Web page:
Theatre Matters

Contemplations on the dramatic arts from a national perspective

Name:

Steven Oxman has contributed to such publications as the Los Angeles Times, American Theatre, Stagebill, and, most frequently, Variety, for which he has written over 300 television and theatre reviews.

Sunday, January 09, 2005

The Answer to the Question

So the winner for best answer to A.C. Douglas's question -- "Why should live theater survive as an art form today when film seems better able to do a play justice?" -- comes from... A.C. Douglas.

In my previous posting, I asked him: "Do you go to see live music, even though the studio can do it 'better'? If so, why?"

He sent me an email with a quick statement and a link to a post of his from last August:

"[N]o, with classical music (the only music I involve myself with) the studio*cannot* 'do it better.' For an explanation why, see:http://www.soundsandfury.com/soundsandfury/2004/08/the_live_classi.html "

The post is long, so let me excerpt the most pertinent parts:

"[R]ecorded performance is a musical experience quite different from the musical experience of a live concert. And by that, I don't mean merely that playing back a recorded performance in a home environment can't equal the acoustic experience of a performance in a concert hall, even given a superbly recorded performance, superb reproduction equipment, and the most elaborately and carefully prepared listening environment. I mean the two experiences are two different musical experiences. One hears music differently in a live performance, and that hearing simply cannot be experienced via a reproduction no matter how good the reproduction may be in both recording and playback....

"I'll not pretend to know why it is that one hears and experiences music differently live versus recorded, or in what, precisely, in physical and psychological terms, the difference consists. I know only that the difference exists, and that it's meaningful musically. And, pace Glenn Gould, it's well to remember that the experience of classical music live, whether in the chamber or the concert hall, is the way all classical music was intended to be heard and experienced by its composers, past and present. From music's very beginnings the live music experience has been sine qua non for the development of refined musical discernment and tastes, and so, I'm convinced, it shall remain."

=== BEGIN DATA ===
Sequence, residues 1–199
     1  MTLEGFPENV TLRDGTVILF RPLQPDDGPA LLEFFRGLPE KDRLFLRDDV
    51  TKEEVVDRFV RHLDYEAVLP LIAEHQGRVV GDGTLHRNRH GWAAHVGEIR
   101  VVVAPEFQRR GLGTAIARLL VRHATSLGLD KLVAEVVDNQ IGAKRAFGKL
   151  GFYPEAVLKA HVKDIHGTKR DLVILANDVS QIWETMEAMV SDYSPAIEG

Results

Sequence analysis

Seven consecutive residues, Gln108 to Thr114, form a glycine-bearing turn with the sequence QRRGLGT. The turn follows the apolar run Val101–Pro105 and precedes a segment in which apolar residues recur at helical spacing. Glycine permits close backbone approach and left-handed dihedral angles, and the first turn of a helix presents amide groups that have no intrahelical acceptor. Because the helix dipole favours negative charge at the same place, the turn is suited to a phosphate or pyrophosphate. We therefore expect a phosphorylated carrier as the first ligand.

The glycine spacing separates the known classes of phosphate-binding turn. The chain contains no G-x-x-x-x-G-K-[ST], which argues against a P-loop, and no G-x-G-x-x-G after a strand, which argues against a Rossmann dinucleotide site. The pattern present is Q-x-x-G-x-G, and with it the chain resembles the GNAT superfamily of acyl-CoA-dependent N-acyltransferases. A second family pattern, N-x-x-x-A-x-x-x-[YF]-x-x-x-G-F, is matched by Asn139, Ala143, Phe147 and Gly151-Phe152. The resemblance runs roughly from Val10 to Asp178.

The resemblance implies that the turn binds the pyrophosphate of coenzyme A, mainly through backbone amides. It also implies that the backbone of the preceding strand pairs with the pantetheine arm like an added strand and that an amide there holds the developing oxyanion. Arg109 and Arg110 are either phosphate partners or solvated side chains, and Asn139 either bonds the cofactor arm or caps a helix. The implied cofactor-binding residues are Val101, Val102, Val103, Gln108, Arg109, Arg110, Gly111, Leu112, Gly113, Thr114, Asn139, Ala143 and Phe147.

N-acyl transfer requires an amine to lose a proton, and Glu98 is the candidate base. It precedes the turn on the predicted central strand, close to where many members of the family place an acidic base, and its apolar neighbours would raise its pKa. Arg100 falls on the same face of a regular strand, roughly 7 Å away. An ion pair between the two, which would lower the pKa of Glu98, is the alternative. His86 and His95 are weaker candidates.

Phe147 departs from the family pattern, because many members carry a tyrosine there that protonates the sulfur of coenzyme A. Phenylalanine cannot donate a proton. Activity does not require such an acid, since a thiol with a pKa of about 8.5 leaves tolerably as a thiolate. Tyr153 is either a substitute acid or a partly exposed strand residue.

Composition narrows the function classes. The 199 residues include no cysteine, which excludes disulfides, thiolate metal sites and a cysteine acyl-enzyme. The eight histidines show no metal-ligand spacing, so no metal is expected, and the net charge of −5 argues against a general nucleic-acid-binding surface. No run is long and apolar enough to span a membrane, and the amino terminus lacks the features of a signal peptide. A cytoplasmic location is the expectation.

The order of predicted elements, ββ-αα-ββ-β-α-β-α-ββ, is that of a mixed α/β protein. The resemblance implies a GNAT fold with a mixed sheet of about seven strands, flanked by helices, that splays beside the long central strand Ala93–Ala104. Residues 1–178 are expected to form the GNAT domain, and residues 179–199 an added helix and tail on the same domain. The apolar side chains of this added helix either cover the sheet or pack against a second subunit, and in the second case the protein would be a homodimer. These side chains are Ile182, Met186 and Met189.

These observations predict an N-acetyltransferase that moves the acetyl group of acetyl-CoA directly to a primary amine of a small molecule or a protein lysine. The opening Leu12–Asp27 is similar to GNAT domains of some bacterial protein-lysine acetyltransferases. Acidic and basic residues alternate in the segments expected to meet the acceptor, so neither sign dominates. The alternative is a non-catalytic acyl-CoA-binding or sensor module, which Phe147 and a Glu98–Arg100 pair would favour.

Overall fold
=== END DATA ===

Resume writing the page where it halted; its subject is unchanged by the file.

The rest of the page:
Seriously, replace the "musical experience" with "theatrical experience," and nobody responding to Mr. Douglas's query has said it better. Now, I suppose he thinks these are fundamentally different, but I really don't see how. Perhaps the answer to the question all along was as simple as his statement to me: Film can't serve a play better than a theatrical production.

ACD took up this subject when George Hunka suggested the parallel to music previously. That ACD post is here, but I'll excerpt the key analogy:

"A film of, say, Beckett's Godot (i.e., made as a film, not a filmed record of the stage play) is potentially, inherently and in itself, capable of producing a more convincing aesthetic product in terms of the play itself than the play presented live on stage...."

This is just not true at all. I consider myself a Beckett aficionado -- he changed the way I see the world. But Beckett's plays are pure "plays," and even the effort to film them -- PBS did a whole series of his works for television -- are distant and ineffectual, the equivalent of a catalogue reproduction of a masterpiece painting as compared to a viewing of the canvas itself -- useful, but not a substitution for experiencing the real thing. In all his plays, Beckett explored the very essence of theatricality, the passage of time itself. Put Beckett's play Play on film, and you are not getting the play. I should note that Beckett did write and direct a film. It was called, of course, Film, and starred Buster Keaton late in his life. Beckett explored his typical obsessions with consciousness, but did so in a different way, since it was written as a film.

To return to the basic premise: Sure, there are plays that make good films, and are even better as films than they were on stage. (And similarly, ACD recognizes that his discussion doesn't necessarily apply beyond classical music-- there could well be music that is "better" recorded than live.) But plays with even an ounce of theatricality are intended to be seen in the theatre; one cannot fully appreciate the artwork (and I'm using ACD's interpretation that the written script is the artwork, a controversial claim in and of itself) without seeing it in its intended medium.

What is theatricality? That's for another day, or year. And just because a play makes a very good film, doesn't mean it wasn't theatrical. Two very recent examples: "Chicago" and "Angels in America." Actually, those who see those shows in the theatre gain not just a greater respect for the plays, but also a greater appreciation for the clever ways they were adapted for the different medium. The artwork was changed to accommodate the filming.

OK, I'll stop. Unless you beg for more!